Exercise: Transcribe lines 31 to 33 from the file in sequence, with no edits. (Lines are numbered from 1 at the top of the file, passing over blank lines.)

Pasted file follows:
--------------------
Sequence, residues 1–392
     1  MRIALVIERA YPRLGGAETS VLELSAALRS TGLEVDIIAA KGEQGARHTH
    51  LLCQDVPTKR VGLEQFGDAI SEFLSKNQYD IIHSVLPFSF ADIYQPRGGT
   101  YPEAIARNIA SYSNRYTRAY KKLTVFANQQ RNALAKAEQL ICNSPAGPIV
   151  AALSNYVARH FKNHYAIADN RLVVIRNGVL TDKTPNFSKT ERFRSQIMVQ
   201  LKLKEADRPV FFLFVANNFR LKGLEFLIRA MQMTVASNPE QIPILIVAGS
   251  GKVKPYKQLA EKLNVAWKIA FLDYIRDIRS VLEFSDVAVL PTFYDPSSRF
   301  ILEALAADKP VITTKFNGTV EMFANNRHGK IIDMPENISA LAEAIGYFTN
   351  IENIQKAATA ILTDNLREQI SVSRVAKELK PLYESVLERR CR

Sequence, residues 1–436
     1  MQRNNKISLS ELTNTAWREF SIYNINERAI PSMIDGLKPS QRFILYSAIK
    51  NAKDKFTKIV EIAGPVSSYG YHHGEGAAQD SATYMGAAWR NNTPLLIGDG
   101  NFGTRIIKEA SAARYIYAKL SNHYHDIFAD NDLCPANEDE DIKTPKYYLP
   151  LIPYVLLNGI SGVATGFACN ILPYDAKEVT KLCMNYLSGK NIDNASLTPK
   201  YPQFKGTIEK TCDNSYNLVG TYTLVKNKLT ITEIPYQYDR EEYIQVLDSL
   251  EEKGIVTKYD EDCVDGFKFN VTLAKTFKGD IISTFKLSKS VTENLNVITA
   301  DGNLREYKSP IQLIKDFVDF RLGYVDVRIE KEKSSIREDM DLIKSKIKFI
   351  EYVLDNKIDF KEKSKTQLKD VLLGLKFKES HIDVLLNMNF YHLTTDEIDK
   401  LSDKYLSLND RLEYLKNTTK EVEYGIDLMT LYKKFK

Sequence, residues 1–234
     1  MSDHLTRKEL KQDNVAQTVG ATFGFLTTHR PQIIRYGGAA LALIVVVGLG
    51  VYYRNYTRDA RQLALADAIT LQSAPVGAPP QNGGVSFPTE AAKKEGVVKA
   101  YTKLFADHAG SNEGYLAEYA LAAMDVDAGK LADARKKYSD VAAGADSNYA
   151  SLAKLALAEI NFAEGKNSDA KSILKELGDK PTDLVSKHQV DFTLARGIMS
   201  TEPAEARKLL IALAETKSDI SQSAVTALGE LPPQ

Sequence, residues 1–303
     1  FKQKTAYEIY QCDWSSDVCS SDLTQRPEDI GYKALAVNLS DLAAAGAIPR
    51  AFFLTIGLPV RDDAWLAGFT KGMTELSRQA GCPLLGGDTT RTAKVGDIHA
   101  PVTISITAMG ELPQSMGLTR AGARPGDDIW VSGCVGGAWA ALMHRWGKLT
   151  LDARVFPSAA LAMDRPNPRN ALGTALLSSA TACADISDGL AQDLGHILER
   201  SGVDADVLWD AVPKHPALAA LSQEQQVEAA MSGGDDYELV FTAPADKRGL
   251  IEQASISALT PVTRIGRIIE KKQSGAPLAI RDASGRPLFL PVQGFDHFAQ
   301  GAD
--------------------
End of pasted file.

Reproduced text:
   201  SGVDADVLWD AVPKHPALAA LSQEQQVEAA MSGGDDYELV FTAPADKRGL
   251  IEQASISALT PVTRIGRIIE KKQSGAPLAI RDASGRPLFL PVQGFDHFAQ
   301  GAD